Shepherd Leadership (pt. 1) - Exterior Protection

A few weeks ago, I had the opportunity to teach the current, as well as up-and-coming leaders, at Redeemer Fellowship on the topic of servant leadership during our monthly Leadership Lab. As Redeemer endeavors to train up leaders we desire to pour into them what that calling requires. Before I even got to the text, I had to make sure that the guys understood that our calling to lead is really that of "under shepherd". Jesus said, "I am the good shepherd" not "you are shepherds." We are to take our cues from Him and follow His example.

The text for this important topic was a no brainer, John 10. It's in this text that we get 2 of the great "I am" statements from Jesus which he repeats (vs. 7,9 and 11, 14). Both are full of meaning and impact the way we lead. I'll be dealing with half of the first one in this post.

The Door Protects From Exterior Threats

What is the purpose of a door? There are 2 ways to answer the question. First, it provides protection. In my research of this passage, I discovered that sheep pens of the day were a semi-circle of rocks. The "door" of this pen is where the shepherd would physically lay down in order to protect the sheep. The second answer to this question, is to prevent entrance and exit. The shepherd used his authority to determine who could enter and who could leave.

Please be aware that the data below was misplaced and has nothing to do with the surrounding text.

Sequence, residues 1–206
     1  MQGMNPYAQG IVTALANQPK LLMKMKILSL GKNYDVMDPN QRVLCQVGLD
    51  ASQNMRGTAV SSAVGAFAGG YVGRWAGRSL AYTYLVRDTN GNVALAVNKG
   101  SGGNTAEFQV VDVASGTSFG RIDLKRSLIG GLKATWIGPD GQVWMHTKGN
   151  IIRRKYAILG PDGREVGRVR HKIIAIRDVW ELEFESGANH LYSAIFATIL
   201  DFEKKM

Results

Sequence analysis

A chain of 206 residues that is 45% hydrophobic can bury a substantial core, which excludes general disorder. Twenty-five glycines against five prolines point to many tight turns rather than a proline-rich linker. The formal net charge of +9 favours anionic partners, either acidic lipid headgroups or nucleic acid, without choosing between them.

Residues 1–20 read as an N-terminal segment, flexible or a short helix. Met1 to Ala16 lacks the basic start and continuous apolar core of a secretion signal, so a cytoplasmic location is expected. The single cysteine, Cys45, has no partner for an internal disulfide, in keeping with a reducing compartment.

This leads us to ask a couple questions. What do the sheep need protection from? What specific external threats is the shepherd trying to prevent? Verse 1 describes the thief and robber who try to sneak in; verse 10 reminds us why they are there, to steal, kill, and destroy; and finally verse 12 mentions wolves who look to snatch sheep away. The shepherd must protect the sheep by keeping the threats all out.

Typically this is seen in the life of a church by those who try to enter with different doctrine. What we are talking about here is those from the outside that look to exploit the church or it's people for their own gain. This can take many different forms, too many to list here. The point is that the people we lead need protection from outside influences seeking to destroy the church through exploitation. This requires that shepherds know theology and can spot different doctrine and defend truth.

So those are the exterior threats that shepherds need to protect the sheep from. But what about threats on the inside, what about the sheep? How can the sheep potentially harm each other?

Tweets of the Week 11.4.14

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